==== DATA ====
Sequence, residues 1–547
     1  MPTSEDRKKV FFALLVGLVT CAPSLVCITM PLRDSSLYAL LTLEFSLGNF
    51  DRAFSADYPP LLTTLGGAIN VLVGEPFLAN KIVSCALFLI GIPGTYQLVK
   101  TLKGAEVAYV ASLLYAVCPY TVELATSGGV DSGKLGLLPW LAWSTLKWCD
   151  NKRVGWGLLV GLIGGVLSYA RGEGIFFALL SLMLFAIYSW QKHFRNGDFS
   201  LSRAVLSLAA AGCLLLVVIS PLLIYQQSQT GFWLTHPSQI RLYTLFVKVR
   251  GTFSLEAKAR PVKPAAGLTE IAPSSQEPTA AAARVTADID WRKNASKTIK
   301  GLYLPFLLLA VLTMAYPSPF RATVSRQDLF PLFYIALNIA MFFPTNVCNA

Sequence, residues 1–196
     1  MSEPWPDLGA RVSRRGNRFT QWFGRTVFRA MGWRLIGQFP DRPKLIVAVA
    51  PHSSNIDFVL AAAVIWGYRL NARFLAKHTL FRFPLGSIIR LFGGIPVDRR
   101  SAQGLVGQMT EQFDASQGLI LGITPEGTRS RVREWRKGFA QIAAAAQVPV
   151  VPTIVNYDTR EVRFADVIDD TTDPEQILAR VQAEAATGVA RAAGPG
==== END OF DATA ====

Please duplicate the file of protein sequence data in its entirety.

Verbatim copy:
Sequence, residues 1–547
     1  MPTSEDRKKV FFALLVGLVT CAPSLVCITM PLRDSSLYAL LTLEFSLGNF
    51  DRAFSADYPP LLTTLGGAIN VLVGEPFLAN KIVSCALFLI GIPGTYQLVK
   101  TLKGAEVAYV ASLLYAVCPY TVELATSGGV DSGKLGLLPW LAWSTLKWCD
   151  NKRVGWGLLV GLIGGVLSYA RGEGIFFALL SLMLFAIYSW QKHFRNGDFS
   201  LSRAVLSLAA AGCLLLVVIS PLLIYQQSQT GFWLTHPSQI RLYTLFVKVR
   251  GTFSLEAKAR PVKPAAGLTE IAPSSQEPTA AAARVTADID WRKNASKTIK
   301  GLYLPFLLLA VLTMAYPSPF RATVSRQDLF PLFYIALNIA MFFPTNVCNA

Sequence, residues 1–196
     1  MSEPWPDLGA RVSRRGNRFT QWFGRTVFRA MGWRLIGQFP DRPKLIVAVA
    51  PHSSNIDFVL AAAVIWGYRL NARFLAKHTL FRFPLGSIIR LFGGIPVDRR
   101  SAQGLVGQMT EQFDASQGLI LGITPEGTRS RVREWRKGFA QIAAAAQVPV
   151  VPTIVNYDTR EVRFADVIDD TTDPEQILAR VQAEAATGVA RAAGPG